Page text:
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Mpeketoni mess calls for central police command

By Editorial | October 8th 2014

Kenya: The Independent Police Oversight Authority (IPOA) has released a report that singles out the Police Service for censure, having failed to provide adequate security to the residents of Lamu County even after the National Intelligence Service (NIS) provided enough intelligence reports for the police to act on in an effort to forestall terrorist attacks.

While NIS indicates it handed to the Police Service intelligence reports of an impending attack as far back as 2013, the police have denied receipt. Clearly, there exists mistrust and a communication breakdown between the two security agencies that are detrimental to the security of the country.

Not only did the police fail to respond in time to distress calls following the attacks in Mpeketoni, Lamu County, the report states that a police officer aided the Al Shabaab terrorist in ferrying arms into the country and giving them safe storage. His seniors knew, but failed to act on time.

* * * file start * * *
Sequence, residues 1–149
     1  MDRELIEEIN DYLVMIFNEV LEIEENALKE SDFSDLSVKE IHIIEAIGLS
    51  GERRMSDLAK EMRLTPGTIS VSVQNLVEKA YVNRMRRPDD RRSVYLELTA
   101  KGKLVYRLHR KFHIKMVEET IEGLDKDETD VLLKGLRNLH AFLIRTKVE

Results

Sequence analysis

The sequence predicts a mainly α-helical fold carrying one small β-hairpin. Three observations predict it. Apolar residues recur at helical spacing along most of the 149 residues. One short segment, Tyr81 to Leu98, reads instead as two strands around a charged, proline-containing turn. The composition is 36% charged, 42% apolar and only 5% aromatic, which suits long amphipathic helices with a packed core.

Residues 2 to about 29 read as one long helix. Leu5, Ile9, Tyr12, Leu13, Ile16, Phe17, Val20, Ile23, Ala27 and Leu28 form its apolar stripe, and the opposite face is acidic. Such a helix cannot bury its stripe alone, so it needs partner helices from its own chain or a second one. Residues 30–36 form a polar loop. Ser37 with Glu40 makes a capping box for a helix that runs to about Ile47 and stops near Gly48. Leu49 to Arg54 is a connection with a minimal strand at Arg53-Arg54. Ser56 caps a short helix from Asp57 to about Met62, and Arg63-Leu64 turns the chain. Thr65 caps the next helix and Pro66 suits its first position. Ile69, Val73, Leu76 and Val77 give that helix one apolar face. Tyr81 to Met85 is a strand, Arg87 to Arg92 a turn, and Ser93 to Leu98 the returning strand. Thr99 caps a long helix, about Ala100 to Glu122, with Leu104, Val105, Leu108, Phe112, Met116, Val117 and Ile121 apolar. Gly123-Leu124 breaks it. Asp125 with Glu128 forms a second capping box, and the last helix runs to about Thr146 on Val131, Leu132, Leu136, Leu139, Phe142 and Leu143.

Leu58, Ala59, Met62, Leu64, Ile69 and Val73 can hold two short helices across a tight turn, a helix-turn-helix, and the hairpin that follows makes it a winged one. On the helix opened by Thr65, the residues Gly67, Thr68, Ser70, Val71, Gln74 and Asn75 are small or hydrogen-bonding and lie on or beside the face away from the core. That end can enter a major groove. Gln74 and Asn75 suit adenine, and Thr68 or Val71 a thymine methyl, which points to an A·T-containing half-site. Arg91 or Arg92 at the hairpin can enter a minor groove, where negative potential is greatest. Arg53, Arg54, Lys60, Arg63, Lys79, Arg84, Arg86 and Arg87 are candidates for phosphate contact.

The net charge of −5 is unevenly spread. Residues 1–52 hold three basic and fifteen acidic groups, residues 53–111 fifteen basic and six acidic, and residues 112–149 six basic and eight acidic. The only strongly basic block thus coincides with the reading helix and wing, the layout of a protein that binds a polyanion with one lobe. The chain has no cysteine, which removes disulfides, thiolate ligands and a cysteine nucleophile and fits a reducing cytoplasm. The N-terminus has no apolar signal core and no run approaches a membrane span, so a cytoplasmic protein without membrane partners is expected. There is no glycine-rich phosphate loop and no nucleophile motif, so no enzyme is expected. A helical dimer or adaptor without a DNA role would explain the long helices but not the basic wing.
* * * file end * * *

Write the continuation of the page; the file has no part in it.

This complicity by security officers charged with safeguarding the country against attacks undermines efforts to make Kenya safe. That senior officers in Nairobi gave orders to juniors restraining them from promptly responding to calls for assistance can only be interpreted in one way; a group of people in the Police Service stood to gain even as innocent, defenseless citizens were being butchered in Mpeketoni.

There exists differences between County Police Commanders and the top echelon of the Police Service. The level of mistrust is such that the Inspector General of Police recently barred his officers from addressing the Press, partly in an effort to stop their differences from playing out in public. Though the Administration Police and the regular police fall under the ambit of the Inspector General, they have individual commands at the counties.

In emergencies, this makes it difficult to smoothly coordinate response because of the confusion arising from different orders. It is therefore imperative that the Inspector General implements the IPOA report with emphasis on establishing a central command for both the police and the APs. Regular drills and providing modern policing tools are a must.

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